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To continue where we left off in Songbook #14, rock intellectualizing not only involves dismissal of the musically fine, but also of intellectually fine. It’s very activity demonstrates its ambivalence toward the core activity of the life of the mind, the wrestling with thinkers of first rank. Rather than wade into Dante, Tolstoy, or Kant, the rock intellectualizer will trace the lyrical themes, of say, Bruce Springsteen or Nine Inch Nails.

This ambivalence characterizes the entire rock phenomenon, whose real shape is in only discernable when set against its natural backdrop: that of higher education. Its musical roots in rock and roll notwithstanding, rock undeniably came out of and remains most crucially sustained by the contemporary college or art school.

(The dates for the arrival of rock and the arrival of higher education for the masses [UC Berkeley being the paradigm] line up pretty closely. Also, it requires effort to think of a significant rock group or artist whose origins were not closely connected to either a college/art-school scene or a college-linked bohemian one. The formation and early gigs of the Rolling Stones, the Doors, the Sex Pistols, and R.E.M. are instructive on this score. One should also note the disproportionate impact of students/drop-outs from the disciplines of art, film, and literature.)

More precisely, the suburban home, the college campus, and the downtown bohemia mark out rock’s basic social geography—its essential activities occur at these three sites, and its essential exchanges occur between them. The most important exchange occurs when the poetic young person turns away from academia’s highest treasures, often before even glimpsing their true beauty, and instead looks to bohemia as her ideal. Bohemia is where she sees the authentic life of the mind, and of the body and spirit, being lived amid whirls of artistic creativity, of which rock creativity has pride of place. Rock, consumed and created by such types, is thus an inescapably intellectual phenomenon, but also a sort of anti-intellectualism of the willingly half-educated. For once our poetic student has determined, correctly or not, that the higher intellectual or artistic life is not suited for her, she commits herself to a scene determined to tear down the very notion of the high. Such a scene has little but contempt for the old middle-brow route she might have taken, the route of partaking of the high from time to time.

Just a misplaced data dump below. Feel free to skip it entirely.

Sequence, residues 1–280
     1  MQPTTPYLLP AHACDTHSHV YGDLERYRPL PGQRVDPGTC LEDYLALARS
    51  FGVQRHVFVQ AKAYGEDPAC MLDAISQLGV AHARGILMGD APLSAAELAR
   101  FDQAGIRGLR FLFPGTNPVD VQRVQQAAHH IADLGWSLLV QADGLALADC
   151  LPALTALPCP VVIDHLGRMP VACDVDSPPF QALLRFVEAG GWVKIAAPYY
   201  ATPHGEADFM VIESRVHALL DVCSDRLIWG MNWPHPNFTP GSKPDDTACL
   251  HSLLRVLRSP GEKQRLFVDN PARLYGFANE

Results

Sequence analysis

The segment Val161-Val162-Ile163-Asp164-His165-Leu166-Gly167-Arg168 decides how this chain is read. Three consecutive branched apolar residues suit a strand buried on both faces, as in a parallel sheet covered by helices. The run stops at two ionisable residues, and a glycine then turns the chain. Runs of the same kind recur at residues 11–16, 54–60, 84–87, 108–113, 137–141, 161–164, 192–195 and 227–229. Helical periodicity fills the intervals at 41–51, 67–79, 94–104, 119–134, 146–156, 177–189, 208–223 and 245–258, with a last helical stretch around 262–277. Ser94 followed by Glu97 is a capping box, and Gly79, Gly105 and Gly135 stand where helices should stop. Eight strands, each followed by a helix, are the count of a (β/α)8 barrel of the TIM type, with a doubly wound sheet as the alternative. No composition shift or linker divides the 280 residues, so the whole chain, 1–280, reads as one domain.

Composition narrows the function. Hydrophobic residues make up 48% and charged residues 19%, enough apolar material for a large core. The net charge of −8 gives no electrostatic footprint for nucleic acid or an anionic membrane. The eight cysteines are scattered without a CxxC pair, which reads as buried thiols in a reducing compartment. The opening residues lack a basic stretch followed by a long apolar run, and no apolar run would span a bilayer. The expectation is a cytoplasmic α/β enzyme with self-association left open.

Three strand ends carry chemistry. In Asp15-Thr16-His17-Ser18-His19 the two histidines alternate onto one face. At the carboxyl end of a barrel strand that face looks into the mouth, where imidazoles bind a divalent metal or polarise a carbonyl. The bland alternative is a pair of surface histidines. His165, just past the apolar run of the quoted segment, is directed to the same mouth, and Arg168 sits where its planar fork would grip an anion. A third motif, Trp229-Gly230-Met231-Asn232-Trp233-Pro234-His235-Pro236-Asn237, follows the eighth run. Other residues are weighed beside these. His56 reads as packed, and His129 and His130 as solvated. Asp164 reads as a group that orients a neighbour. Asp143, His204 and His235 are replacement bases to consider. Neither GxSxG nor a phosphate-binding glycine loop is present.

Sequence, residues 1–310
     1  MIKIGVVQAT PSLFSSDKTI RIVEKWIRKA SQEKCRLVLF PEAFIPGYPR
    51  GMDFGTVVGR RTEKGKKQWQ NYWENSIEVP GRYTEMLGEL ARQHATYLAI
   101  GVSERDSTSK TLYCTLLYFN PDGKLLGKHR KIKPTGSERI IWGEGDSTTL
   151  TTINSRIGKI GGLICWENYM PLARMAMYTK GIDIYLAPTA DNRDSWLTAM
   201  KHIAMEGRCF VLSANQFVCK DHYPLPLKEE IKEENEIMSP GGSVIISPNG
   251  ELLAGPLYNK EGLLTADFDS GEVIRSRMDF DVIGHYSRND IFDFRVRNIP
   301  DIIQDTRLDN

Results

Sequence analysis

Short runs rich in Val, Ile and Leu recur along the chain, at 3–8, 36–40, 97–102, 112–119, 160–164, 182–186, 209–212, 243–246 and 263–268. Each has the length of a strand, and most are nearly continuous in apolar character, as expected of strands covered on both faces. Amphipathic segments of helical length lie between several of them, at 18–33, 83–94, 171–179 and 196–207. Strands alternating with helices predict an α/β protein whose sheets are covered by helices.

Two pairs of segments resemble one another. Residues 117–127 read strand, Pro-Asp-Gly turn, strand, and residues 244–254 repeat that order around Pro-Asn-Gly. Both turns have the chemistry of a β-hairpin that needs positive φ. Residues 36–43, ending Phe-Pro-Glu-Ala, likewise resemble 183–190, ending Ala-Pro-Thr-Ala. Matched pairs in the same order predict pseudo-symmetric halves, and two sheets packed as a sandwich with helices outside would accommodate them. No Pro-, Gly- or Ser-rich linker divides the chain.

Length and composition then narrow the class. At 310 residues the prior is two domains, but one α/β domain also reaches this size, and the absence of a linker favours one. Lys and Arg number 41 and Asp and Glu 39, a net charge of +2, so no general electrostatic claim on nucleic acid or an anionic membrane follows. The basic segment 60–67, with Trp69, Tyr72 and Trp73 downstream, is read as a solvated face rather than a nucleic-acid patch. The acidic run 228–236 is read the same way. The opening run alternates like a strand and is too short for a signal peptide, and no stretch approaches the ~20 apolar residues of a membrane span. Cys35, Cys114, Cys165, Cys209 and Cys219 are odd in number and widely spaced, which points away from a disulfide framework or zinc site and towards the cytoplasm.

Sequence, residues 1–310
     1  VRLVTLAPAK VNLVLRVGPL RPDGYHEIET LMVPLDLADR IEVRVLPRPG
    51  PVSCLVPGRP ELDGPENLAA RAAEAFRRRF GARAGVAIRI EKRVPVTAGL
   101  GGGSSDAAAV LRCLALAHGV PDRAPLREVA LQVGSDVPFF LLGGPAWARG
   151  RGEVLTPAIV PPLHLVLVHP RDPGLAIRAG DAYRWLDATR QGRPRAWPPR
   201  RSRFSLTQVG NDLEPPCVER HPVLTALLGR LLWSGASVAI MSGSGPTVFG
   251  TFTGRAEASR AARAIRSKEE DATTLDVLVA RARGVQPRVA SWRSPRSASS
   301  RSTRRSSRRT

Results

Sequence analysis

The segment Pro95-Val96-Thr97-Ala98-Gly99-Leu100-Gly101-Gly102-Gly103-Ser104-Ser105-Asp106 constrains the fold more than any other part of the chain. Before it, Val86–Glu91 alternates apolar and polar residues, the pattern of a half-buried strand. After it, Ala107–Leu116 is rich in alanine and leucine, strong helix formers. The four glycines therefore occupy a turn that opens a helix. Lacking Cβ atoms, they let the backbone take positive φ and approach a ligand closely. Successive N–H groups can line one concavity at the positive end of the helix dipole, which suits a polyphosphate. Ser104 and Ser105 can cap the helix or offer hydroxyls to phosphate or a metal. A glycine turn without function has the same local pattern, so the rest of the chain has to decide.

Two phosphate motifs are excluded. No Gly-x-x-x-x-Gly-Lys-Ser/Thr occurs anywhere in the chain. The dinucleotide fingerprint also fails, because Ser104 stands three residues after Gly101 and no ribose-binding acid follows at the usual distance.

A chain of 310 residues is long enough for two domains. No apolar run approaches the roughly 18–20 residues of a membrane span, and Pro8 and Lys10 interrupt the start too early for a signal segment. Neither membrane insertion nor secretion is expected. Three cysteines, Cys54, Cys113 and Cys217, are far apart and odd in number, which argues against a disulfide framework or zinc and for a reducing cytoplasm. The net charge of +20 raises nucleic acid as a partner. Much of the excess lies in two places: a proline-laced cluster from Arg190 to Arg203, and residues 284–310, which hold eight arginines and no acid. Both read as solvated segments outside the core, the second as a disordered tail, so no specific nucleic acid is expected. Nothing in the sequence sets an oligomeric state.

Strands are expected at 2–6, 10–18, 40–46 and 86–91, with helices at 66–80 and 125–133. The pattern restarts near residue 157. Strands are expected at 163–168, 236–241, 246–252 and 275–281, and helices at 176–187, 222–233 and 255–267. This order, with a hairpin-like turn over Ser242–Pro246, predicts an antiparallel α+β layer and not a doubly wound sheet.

So both fine arts music and great books education are left in the dust, but with vague aspirations for higher things . . . er, better make that avant things, left festering in the soul.

None of this is to deny that there are (more and more) collegiate institutions so vapid or so technocratic that dropping out of them into bohemian pursuits, or simply milking them for every last drop of technical knowledge one can and ignoring everything else, might really be the way to go. In any case, the more you couldn’t find “Socrates” and “Homer” in academia, the more liberal-arts-minded students drifted off, heart-wise if not physically, into the bohemian Rock-world. How our new internet-world changes this dynamic, if it does, goes beyond my own experience.

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